Rogersville, Tennessee

The Black presence in what would be current-day Rogersville and Hawkins County occurred as early as European movement into the area.

 

Prior to the US Civil War, US Census records indicate there were 194 Free People of Color and 1,893 enslaved individuals (1.20% and 11.71% of the population, respectively).

In 1870, five years after National Emancipation, the Black population of Hawkins County was counted as 1,859 individuals (or 11.73% of the overall population). These compiled data sets are available here:

From 1943 to 1959, The Rogersville Review ran "The Colored News". It was a society article by and about the happenings in Hawkins County's Black community.

 

This period of time is particularly important, as it sits between the 1940 and the currently unavailable 1950 & 1960 Census records. View, search by name & download here:

Sermons of W.C. Hargrave

Dr. Walter Clarence Hargrave, an African American teacher and pastor from East Tennessee. He served the longest as anyone as pastor of Bethel Presbyterian in Dandridge, Tennessee as well as at St. Luke’s in New Market, Tennessee and Rice Presbyterian Church. He was also the President of Swift Memorial Institute in Rogersville, Tennessee from 1936 - 1941. One of W.C. Hargrave's largest contributions to African American history is the extensive documentation of his daily living and his sermons. You can view those original manuscripts and transcriptions here.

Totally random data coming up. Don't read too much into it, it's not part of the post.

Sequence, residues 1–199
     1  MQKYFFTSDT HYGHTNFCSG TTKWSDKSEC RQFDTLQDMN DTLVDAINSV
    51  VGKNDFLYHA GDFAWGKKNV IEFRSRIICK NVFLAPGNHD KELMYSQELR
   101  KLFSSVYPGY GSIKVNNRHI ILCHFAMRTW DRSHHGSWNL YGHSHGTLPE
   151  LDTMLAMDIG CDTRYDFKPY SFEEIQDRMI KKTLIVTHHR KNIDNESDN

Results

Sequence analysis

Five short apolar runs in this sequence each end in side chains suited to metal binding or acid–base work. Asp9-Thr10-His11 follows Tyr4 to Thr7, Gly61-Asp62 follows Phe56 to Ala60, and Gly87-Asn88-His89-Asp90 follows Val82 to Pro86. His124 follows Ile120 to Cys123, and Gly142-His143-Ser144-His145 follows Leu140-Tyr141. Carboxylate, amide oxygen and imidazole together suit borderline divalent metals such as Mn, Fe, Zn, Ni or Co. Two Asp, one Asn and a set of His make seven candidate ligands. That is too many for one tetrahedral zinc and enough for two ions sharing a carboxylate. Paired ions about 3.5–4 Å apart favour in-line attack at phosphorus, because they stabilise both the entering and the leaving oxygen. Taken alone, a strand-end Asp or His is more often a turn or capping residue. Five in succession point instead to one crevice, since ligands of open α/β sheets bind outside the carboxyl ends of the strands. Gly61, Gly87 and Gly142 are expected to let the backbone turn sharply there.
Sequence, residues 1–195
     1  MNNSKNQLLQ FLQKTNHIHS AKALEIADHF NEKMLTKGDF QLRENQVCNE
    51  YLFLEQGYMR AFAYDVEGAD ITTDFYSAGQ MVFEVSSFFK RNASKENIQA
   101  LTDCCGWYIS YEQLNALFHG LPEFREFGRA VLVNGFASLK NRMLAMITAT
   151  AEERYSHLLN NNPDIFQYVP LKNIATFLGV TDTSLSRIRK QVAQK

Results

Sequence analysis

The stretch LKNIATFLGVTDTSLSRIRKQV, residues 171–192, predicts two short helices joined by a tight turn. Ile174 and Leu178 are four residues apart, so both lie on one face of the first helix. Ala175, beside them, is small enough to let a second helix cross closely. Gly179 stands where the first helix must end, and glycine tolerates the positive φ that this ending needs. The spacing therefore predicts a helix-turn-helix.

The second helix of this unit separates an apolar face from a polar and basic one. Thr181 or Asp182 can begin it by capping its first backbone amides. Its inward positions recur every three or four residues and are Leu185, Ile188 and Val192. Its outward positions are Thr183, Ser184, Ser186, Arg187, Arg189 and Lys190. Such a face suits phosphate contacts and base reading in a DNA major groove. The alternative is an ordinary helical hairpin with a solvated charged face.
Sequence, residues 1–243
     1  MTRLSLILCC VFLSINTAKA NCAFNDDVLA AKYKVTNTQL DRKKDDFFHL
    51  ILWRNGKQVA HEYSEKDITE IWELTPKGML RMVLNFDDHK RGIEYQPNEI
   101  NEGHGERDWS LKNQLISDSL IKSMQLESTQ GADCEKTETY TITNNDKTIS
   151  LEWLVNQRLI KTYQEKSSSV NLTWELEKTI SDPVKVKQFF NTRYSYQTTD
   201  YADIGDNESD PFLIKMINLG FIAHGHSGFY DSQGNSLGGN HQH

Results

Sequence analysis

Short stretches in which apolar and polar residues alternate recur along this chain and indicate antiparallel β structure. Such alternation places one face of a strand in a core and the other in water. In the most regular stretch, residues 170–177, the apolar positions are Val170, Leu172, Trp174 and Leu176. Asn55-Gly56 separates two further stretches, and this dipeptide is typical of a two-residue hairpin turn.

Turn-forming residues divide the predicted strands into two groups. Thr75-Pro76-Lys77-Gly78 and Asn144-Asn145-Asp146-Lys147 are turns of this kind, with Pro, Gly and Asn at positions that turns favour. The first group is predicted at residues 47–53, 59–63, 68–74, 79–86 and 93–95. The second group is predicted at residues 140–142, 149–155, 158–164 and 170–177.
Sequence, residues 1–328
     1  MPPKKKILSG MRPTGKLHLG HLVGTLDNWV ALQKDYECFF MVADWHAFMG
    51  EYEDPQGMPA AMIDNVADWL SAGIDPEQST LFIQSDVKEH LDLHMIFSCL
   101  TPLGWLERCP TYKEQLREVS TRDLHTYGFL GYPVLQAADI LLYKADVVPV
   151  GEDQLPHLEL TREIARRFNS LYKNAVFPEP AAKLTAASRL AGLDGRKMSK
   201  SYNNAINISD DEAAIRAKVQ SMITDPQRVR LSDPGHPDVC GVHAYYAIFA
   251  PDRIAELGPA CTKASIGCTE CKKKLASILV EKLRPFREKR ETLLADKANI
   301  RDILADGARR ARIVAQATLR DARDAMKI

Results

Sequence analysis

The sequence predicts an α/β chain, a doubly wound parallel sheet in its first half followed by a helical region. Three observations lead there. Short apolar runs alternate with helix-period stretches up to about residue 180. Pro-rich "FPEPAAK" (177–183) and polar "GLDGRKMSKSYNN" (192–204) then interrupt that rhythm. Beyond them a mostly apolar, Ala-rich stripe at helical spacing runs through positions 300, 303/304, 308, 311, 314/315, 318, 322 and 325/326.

The Swift Story

The Swift Story explores a little-known aspect of Central Appalachian history. In 1883, the first African-American graduate of Tennessee’s Maryville College, Rev. William H. Franklin, established an institution of higher learning for newly emancipated Blacks in the region.
 

Swift Memorial Institute in Rogersville, Tennessee became a beacon of higher education in the rural South for African Americans,demonstrating, not only the power of education but the importance of doing what’s right, regardless current ideas.

The Swift Story is now being told through newly discovered
photographs, letters and documents, as well as interviews with authors, academics, Swift Memorial Institute alumni and Rogersville residents.

Oral History Transcriptions & Technical Support Provided by:

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